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WHY DOES IT ALWAYS RAIN ON ME: THE AUGIE MARCH INTERVIEW

May 3, 2018

The Australian Music Prize-winning band whose new album namechecks a Roman emperor – top that Guy Sebastian! – have had more than one crowded hour in their 22 years. As they launch into a month-long tour, I ask their glass-half-empty singer and songwriter what’s pushing them on still?

 

 

IF YOU’RE HAPPY AND YOU KNOW IT CLAP YOUR BAND

 

Glenn Richards is feeling bright and cheery and bouncing about the studio.

 

Ok, sure, his answer to my introductory ‘how are you?’ was “pretty good, pretty good, getting there”, which doesn’t sound like someone peaking. But we’re talking a man who is pretty sure he has never written a really good song in his life, who would probably be able to list every fault in every show he’s ever performed, who takes any compliments about his band, Augie March, with more salt than a lifetime of McDonald’s fries.

 

Jeez mate, your Melbourne five piece remain one of the great Australian rock bands (who aren’t exactly rock, maybe art pop, maybe literary folk rock, but they’re too complex and dense and diverse to fit one category) and you’ve survived fame and being forgotten to release your sixth album this year. What are you some kind of self-lacerating pessimist? On his happier days.

 

So, yeah, for Richards that is practically euphoric.

 

A laughing – yes, it’s true - Richards acknowledges the standard fault lines I’ve just catalogued but explains that he genuinely has reasons to be cheerful. Part 1: “I’m mixing a very loud rock song”, a potential “b-side” (kids, ask your parents) for a future Augie March release, drawn from the pile of material recorded during the past two album sessions.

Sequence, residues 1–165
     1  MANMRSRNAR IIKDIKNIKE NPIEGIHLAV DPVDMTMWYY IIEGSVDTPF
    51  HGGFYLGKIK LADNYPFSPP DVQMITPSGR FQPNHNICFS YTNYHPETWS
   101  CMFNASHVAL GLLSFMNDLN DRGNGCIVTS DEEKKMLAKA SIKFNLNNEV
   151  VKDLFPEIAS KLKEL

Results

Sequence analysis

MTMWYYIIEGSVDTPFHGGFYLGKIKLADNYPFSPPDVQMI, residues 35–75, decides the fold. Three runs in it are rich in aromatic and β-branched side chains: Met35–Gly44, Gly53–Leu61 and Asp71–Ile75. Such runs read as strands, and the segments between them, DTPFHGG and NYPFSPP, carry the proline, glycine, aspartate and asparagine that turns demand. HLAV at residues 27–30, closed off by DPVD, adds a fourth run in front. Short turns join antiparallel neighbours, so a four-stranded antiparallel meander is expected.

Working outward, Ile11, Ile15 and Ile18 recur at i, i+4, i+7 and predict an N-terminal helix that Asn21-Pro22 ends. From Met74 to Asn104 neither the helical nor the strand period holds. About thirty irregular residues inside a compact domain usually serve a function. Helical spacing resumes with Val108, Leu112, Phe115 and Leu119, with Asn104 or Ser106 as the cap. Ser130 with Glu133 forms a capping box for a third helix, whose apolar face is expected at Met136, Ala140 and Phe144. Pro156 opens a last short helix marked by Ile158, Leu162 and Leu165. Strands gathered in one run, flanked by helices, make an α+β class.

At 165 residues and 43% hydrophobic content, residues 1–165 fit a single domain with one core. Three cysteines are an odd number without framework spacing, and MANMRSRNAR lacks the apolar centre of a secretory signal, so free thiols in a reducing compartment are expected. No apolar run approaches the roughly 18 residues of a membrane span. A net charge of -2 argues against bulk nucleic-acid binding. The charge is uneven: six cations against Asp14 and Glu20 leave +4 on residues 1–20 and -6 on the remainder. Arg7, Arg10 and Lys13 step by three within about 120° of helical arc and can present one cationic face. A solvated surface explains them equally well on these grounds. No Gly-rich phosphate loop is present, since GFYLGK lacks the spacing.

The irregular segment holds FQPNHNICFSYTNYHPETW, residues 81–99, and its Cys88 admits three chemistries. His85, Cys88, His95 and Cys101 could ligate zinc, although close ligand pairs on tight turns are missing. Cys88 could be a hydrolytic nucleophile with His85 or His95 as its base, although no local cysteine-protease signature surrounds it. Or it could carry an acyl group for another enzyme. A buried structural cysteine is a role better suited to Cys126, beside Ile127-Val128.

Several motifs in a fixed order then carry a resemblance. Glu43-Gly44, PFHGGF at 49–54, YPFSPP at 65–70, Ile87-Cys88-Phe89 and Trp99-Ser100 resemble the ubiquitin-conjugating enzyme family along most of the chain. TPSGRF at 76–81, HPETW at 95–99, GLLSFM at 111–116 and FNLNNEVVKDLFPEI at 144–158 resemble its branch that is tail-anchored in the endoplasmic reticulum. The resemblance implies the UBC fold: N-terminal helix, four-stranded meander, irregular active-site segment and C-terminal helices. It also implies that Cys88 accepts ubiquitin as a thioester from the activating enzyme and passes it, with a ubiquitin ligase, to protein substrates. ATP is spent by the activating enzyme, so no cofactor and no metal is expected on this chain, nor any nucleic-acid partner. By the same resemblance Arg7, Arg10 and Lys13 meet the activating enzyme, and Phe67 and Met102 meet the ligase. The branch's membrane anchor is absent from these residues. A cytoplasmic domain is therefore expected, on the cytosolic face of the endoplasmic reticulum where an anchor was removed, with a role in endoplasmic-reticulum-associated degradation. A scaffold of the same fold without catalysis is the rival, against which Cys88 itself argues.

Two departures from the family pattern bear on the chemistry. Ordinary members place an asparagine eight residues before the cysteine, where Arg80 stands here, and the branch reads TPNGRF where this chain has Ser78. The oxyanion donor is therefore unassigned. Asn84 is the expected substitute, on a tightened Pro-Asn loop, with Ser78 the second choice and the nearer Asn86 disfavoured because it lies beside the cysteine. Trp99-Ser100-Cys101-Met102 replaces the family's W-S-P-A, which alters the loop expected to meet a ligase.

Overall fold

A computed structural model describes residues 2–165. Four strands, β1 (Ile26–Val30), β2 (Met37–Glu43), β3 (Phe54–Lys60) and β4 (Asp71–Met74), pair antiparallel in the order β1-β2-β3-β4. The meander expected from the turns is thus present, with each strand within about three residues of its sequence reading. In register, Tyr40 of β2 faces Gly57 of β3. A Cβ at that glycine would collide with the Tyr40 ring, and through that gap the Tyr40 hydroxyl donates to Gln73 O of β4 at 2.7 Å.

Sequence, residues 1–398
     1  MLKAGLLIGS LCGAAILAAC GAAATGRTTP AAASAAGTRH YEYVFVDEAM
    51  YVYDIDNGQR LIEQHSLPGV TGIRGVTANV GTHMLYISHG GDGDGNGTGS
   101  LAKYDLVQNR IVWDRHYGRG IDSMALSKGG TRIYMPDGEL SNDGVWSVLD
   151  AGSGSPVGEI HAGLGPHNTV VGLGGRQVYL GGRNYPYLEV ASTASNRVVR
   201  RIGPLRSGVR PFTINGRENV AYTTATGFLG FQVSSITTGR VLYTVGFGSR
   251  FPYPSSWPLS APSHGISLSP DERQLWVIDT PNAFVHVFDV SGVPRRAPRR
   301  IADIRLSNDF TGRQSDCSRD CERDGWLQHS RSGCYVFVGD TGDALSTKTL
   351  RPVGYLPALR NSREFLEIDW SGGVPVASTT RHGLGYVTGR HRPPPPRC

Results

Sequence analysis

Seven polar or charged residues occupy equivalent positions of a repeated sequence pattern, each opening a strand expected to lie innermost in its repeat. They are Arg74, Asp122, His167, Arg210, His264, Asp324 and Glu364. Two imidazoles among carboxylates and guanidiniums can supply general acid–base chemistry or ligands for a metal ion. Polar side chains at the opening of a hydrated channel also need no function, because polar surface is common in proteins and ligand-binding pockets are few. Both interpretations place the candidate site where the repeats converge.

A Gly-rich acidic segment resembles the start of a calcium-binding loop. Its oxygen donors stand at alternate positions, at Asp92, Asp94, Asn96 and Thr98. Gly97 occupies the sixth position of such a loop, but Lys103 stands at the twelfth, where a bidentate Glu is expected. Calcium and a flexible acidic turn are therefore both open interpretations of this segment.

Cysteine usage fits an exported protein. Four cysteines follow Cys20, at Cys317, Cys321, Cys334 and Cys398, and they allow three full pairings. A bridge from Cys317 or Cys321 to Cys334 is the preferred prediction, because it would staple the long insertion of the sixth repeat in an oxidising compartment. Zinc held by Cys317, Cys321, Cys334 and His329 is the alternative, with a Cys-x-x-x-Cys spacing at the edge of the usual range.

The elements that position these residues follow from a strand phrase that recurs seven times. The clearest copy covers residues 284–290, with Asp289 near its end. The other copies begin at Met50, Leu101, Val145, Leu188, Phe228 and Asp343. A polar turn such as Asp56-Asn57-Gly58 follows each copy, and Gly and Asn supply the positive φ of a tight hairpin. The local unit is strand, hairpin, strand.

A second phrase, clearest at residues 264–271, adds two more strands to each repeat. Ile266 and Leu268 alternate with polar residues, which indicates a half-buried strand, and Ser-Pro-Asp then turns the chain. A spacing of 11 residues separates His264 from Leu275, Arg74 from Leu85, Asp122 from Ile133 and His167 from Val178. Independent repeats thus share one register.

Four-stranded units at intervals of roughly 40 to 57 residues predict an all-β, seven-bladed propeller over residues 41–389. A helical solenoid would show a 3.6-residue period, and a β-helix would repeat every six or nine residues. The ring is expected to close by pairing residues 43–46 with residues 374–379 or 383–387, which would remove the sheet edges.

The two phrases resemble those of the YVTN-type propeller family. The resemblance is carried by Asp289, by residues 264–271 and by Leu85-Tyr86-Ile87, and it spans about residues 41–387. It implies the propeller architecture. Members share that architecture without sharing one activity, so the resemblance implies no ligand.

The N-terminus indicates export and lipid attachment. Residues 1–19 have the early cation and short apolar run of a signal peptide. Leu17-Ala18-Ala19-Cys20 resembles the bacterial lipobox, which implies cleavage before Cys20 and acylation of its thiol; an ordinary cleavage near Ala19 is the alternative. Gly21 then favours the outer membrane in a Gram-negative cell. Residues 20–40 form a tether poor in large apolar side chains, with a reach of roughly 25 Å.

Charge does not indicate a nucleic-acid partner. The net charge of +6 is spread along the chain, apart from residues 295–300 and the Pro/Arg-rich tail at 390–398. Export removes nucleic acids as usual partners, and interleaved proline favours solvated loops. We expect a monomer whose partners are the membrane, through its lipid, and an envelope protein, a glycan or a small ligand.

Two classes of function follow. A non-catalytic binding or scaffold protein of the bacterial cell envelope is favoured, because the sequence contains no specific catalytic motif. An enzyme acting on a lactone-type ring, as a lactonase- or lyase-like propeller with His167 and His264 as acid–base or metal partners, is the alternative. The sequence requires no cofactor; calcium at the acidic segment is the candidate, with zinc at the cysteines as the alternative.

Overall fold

“I’m just trying to get them together and give them their due,” he says. Though wait, it’s not all Ardmona peaches and Goulburn Valley cream; we are talking Shepparton’s finest Eeyore after all.

 

“It’s a little bit of a bittersweet journey when you listen to a few of the rejects and they are probably better complete songs, entities, than a few that ended up on [2014’s Havens Dumb].”

Setting aside the quality argument – see earlier reference to not really believing critical praise for their work - maybe the songs could have been celebrated back then on some Spotify playlist or Apple Music share. But Richards concedes that social media was not – frankly, will never be – his playground.